Fiction — audiobook. Read by Robert Glenister. Hachette Audio, 2013. 15 hours, 54 minutes. Library copy.
A former member of the British military police, Cormoran Strike has struggled to create a life for himself in the civilian London he returned to after several tours of duty in Afghanistan — the last one costing him his leg. With only one client and a mountain of debt, Strike is living in his office and unsure how he will pay his temporary secretary, Robin, to do a job his business clearly does not need.
While Strike is debating how to send Robin home — a difficult task after he practically assaults her in the hallway — John Bristow arrives claiming his sister is the supermodel Lula Landry and his brother is an old childhood friend of Strike’s. The little boy Strike once knew fell to his death while riding his bike through a quarry; the supermodel Strike knows only from news reports fell to her death from the balcony of her multimillion dollar flat. Bristow refuses to believe his sister committed suicide and hires Strike to solve the case so Britsow’s frail, sickly mother can die knowing the truth.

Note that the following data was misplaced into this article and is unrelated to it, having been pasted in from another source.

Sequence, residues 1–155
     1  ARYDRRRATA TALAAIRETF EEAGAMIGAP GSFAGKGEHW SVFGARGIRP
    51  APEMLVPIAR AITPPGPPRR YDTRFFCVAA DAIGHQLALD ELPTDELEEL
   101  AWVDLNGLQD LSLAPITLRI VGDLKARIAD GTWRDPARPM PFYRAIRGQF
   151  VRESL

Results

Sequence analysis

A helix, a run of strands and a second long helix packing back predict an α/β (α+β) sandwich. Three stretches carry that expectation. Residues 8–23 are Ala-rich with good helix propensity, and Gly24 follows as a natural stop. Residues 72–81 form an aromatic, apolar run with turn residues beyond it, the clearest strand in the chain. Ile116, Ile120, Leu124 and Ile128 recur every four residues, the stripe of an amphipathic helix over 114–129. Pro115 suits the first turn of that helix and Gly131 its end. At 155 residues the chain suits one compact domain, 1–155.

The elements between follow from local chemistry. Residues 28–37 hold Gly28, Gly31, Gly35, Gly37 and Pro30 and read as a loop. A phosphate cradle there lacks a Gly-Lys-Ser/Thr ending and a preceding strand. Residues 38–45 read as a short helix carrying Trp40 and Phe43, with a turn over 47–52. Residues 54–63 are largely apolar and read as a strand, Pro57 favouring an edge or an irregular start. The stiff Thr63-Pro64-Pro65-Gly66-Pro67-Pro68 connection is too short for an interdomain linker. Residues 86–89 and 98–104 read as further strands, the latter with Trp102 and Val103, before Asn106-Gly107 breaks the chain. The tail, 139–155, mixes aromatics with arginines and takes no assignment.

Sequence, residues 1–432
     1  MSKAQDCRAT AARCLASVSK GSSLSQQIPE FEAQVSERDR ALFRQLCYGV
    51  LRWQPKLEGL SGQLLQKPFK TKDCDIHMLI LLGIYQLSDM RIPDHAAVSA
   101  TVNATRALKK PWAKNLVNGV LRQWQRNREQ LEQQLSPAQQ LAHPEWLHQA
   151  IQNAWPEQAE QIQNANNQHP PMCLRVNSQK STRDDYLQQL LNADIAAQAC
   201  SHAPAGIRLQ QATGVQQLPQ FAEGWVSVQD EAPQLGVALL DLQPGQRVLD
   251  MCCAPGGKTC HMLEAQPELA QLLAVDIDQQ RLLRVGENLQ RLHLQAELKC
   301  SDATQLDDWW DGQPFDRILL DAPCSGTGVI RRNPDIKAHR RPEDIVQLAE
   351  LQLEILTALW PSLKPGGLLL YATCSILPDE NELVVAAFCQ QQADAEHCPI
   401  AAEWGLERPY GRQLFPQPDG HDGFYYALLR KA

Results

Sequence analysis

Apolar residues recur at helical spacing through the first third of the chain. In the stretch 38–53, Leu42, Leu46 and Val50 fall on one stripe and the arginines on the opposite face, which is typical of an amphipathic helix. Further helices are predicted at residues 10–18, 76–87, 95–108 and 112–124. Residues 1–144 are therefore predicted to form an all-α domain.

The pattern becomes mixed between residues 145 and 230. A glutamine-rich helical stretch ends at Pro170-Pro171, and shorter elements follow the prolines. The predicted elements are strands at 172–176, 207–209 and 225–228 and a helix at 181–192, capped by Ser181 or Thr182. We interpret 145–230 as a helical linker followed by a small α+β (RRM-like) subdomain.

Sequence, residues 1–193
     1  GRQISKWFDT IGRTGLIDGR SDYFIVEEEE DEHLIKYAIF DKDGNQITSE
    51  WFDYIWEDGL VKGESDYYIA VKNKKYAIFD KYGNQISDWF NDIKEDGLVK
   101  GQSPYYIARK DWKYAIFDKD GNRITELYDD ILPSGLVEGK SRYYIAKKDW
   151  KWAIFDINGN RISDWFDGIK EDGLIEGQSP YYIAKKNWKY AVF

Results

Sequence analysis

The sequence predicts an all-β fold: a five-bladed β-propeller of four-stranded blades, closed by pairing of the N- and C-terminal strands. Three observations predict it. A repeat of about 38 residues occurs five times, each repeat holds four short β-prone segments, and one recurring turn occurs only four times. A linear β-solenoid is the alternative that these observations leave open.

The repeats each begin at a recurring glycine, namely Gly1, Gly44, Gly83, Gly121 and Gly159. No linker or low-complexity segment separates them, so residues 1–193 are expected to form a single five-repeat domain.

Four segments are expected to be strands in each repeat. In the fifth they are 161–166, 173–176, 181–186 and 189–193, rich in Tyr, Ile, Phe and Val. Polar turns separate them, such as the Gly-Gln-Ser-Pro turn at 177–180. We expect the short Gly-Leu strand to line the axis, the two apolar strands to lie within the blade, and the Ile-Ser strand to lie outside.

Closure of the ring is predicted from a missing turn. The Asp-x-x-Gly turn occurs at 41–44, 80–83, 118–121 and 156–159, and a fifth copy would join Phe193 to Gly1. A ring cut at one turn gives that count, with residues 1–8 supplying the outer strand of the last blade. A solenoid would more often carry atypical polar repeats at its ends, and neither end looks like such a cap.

Galbraith’s characters, unfortunately, are rather run-of-the-mill: the moody, tortured male detective who is unlucky in love and haunted by “daddy issues”; the plucky sidekick with little self-esteem who is sort of stumbling through life and is likely to fall in love with the detective (if not in this book, maybe in future novels); and the wealthy patron who lives amidst a hive of shady characters.
That’s not to say the characters do not develop over time; there certainly is more about their lives and characterizations that are teased out over the course of the tale. I liked them all well enough, particularly Strike as an individual and the moment where he and Robin visit an upscale store to try on clothing. Yet the characters feel so familiar because they are, in my experience, the standard characters found in mystery and crime novels.
Unlike other crime novels I’ve read in the past, I wasn’t racing to finish the audiobook, to solve the crime once and for all. It could have been more tightly edited — a bit too much detail and the beginning seemed to drag on endlessly — and the climax of the tale was a bit washed out as a result.
The novel does, however, manage to keep readers on their toes in terms of solving the case. I thought I identified the murderer at the midpoint of the novel only to have Galbraith throw another curve ball or reveal a clue was actually a red herring. And in keeping with the author’s other novels (Galbraith is the pseudonym of J.K. Rowling), I found the descriptions of the setting and the characters’ action to be particularly well-crafted.
As such, I’ll probably give the next book in the series a chance if only to see how Galbraith’s writing for this genre improves over time and to enjoy Robert Glenister’s wonderful narration once more.